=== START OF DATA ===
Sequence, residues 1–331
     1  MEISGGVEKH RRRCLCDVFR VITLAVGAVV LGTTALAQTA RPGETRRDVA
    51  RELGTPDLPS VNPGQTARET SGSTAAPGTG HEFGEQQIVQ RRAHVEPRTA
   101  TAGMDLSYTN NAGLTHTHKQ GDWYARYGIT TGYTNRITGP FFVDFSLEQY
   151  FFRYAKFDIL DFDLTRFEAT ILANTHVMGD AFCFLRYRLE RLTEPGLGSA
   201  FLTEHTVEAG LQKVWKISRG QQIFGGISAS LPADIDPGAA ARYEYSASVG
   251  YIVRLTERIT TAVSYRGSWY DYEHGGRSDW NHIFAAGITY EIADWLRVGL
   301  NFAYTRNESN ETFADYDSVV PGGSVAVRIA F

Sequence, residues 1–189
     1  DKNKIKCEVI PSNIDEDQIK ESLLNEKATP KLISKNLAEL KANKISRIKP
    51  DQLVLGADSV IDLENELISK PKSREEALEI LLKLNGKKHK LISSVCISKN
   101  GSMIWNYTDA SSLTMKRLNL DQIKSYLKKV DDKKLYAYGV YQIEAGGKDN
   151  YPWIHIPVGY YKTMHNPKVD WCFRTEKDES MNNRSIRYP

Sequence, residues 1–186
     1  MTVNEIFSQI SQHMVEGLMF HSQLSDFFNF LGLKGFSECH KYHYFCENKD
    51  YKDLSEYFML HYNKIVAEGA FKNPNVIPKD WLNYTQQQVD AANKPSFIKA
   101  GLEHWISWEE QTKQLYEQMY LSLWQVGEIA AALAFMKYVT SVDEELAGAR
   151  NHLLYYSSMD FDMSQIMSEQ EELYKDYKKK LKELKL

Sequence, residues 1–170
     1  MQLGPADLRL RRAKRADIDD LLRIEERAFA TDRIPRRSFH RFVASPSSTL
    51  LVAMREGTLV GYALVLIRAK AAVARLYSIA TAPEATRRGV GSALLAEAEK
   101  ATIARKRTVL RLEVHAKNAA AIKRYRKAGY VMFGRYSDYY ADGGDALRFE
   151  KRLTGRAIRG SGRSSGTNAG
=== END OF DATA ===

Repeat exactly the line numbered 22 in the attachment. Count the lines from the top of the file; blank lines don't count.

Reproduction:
   101  ATIARKRTVL RLEVHAKNAA AIKRYRKAGY VMFGRYSDYY ADGGDALRFE